database modeling. It describes the practical needs the relational database model fulfilled. Also
included are details about dealing with people, extracting information from people and existing
systems, problematic scenarios, and business rules.


Chapter 1: Database Modeling Past and Present — This chapter introduces basic concepts
behind database modeling, including the evolution of database modeling, different
types of databases, and the very beginnings of how to go about building a database
model.



Chapter 2: Database Modeling in the Workplace — This chapter describes how to approach
the designing and building of a database model. The emphasis is on business rules and
objectives, people and how to get information from them, plus handling of awkward
and difficult existing database scenarios.



Chapter 3: Database Modeling Building Blocks — This chapter introduces the building
blocks of the relational database model by discussing and explaining all the various
parts and pieces making up a relational database model. This includes tables, relationships between tables, and fields in tables, among other topics.

Part II: Designing Relational Database Models — Part II discusses relational database modeling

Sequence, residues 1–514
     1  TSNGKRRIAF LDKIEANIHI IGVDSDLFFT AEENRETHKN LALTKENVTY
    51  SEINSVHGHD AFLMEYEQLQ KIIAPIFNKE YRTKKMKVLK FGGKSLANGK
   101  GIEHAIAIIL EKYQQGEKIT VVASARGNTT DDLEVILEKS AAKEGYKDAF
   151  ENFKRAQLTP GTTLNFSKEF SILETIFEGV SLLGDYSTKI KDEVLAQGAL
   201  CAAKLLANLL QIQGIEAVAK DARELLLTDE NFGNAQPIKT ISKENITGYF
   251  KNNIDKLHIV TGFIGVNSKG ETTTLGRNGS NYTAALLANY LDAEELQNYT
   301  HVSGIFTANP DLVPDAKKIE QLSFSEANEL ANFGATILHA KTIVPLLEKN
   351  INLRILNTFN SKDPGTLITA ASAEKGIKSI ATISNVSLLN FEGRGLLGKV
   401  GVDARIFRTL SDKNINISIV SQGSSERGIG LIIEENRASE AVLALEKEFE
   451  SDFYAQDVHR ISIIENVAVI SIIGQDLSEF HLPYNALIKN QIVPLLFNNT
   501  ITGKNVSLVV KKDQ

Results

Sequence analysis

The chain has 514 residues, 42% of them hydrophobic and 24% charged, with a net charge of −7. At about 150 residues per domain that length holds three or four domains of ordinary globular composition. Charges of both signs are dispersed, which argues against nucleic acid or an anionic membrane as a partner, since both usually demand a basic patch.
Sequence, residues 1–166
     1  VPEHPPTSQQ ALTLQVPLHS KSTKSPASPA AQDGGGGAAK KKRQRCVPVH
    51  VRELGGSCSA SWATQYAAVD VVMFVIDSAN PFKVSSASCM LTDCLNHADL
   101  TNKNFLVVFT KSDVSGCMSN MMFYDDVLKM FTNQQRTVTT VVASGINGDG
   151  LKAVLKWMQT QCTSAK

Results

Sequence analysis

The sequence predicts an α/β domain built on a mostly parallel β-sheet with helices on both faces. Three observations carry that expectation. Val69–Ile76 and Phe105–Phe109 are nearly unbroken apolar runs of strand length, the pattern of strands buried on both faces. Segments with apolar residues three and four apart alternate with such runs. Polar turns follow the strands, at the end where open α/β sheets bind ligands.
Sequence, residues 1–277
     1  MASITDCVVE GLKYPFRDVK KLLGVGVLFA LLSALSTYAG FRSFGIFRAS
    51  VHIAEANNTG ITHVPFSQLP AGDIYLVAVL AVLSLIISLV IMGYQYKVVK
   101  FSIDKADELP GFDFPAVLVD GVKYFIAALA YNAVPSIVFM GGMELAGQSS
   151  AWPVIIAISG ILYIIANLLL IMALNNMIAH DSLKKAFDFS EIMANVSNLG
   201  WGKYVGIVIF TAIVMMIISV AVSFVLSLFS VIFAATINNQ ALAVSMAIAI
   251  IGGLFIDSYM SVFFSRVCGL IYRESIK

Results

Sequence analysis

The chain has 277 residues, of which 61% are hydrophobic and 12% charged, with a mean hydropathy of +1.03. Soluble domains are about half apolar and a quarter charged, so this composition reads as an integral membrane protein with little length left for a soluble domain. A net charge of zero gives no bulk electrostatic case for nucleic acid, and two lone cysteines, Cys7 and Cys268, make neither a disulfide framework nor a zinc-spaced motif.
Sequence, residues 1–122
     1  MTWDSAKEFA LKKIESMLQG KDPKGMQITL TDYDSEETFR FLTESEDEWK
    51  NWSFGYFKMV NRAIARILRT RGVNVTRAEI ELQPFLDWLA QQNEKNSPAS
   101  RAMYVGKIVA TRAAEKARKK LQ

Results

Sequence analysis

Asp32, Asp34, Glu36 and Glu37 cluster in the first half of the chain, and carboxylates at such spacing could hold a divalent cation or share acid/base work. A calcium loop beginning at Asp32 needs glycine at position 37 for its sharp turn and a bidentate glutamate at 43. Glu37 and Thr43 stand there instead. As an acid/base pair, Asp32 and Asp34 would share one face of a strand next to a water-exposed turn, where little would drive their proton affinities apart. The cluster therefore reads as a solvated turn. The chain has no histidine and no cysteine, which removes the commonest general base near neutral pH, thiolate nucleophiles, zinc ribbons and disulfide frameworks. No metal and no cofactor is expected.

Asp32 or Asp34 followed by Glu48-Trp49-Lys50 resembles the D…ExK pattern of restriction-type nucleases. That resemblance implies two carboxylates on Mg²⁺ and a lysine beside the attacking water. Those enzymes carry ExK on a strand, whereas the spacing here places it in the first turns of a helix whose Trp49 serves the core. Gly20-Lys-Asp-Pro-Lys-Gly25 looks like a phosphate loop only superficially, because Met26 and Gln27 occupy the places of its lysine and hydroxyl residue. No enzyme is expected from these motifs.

theory formally, and in detail. Topics covered are normalization, Normal Forms and their application, denormalization, data warehouse database modeling, and database model performance.


Chapter 4: Understanding Normalization — This chapter examines the details of the normalization process. Normalization is the sequence of steps (normal forms) by which a
relational database model is both created and improved upon.



Chapter 5: Reading and Writing Data with SQL — This chapter shows how the relational
database model is used from an application perspective. A relational database model
contains tables. Records in tables are accessed using Structured Query Language (SQL).



Chapter 6: Advanced Relational Database Modeling — This chapter introduces denormalization, the object database model, and data warehousing.



Chapter 7: Understanding Data Warehouse Database Modeling — This chapter discusses
data warehouse database modeling in detail.



Chapter 8: Building Fast-Performing Database Models — This chapter describes various factors affecting database performance tuning, as applied to different database model
types. If performance is not acceptable, your database model does not service the endusers in an acceptable manner.

Part III: A Case Study in Relational Database Modeling — The case study applies all the formal theory learned in Part I and Part II—particularly Part II. The case study is demonstrated across four
entire chapters, introducing some new concepts as the case study progresses. The case study is a
steady, step-by-step learning process, using a consistent example relational database model for
an online auction house company. The case study introduces new concepts, such as analysis and
design of database models. Analysis and design are non-formal, loosely defined processes, and
are not part of relational database modeling theory.

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Current Head
Introduction